It’s a Midwestern strip
December 6, 2013 6:59 AM   Subscribe

From 1989, when Calvin & Hobbes was still pretty new, The Comics Journal's interview with Bill Watterson. The interviewer was Richard Samuel West.
posted by MartinWisse (18 comments total) 25 users marked this as a favorite
 
Watterson was born in Washington, D.C., 1958. At Chagrin Falls High School and Kenyon College in Ohio, he drew for the student newspapers and yearbooks. Upon graduation in 1980, he became the political cartoonist for The Cincinnati Post, an experience he remembers as relentlessly depressing but mercifully short.
I don't know which fact delights me more: That Bill Watterson hated political cartooning, or that he went to school in a place called Chagrin Falls.
posted by Rustic Etruscan at 7:16 AM on December 6, 2013 [6 favorites]


In the middle of USA's Christmas buy-a-thon, I particularly appreciate this gem from about 2/3rds of the way down, where Watterson explains his aversion to licensing:

"Instead of asking what’s wrong with rampant commercialism, we ought to be asking, “What justifies it?”"
posted by cubby at 7:51 AM on December 6, 2013 [5 favorites]


I bought "Mental Floss" magazine last month because they were supposed to have a big article on Watterson. I was hoping for a great article like this one, instead it read like they called him on the phone and got a handful of yes/no answers from him and rewrote this interview around those quick quips.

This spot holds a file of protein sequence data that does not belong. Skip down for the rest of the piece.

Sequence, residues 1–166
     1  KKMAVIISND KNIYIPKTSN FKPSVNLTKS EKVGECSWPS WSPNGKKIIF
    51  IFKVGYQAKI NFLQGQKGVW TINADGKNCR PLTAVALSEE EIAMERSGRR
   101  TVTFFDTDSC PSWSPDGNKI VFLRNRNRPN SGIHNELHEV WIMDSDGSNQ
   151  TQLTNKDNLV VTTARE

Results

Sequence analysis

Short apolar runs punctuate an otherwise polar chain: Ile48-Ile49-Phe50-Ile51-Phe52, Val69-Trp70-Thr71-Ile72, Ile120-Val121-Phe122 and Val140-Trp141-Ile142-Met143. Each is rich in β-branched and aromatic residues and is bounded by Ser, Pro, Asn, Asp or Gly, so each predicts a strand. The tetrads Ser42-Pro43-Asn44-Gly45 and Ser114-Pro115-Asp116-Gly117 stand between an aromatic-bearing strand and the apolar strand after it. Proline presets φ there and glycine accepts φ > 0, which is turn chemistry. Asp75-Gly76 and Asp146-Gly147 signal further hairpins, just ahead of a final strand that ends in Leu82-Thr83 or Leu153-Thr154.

posted by inthe80s at 7:53 AM on December 6, 2013


I always wonder if, if Watterson had licensed C+H, there would be fewer knock-offs of it, because whoever he'd licensed it to would go after people. Those truck decals with Calvin peeing just piss me off (so to speak) no end.
posted by still_wears_a_hat at 8:53 AM on December 6, 2013 [1 favorite]


It's interesting that Watterson proliferated at probably the worst time to be a cartoonist in the history of comics. He bridged that gap between when the squeeze was on for space and money in newspapers in the 80s and 90s, and now, when there are dozens of high quality webcomics, none of which would involve the size and time constraints that were placed on him by the syndicate. Of course, he also benefited from this squeeze--he names some of his contemporaries--and none of them were as popular or arguably as good as C&H, and it's easier to stand out when you're among the only good strips available.

It would be interesting to see what he would have done given the crazy wide-open format that is web comics, but at the same time, web comics today live and die by their loyal fan base sales, and without merchandising you have to wonder whether he would have caved, or tried to make it on books alone.
posted by thewumpusisdead at 10:28 AM on December 6, 2013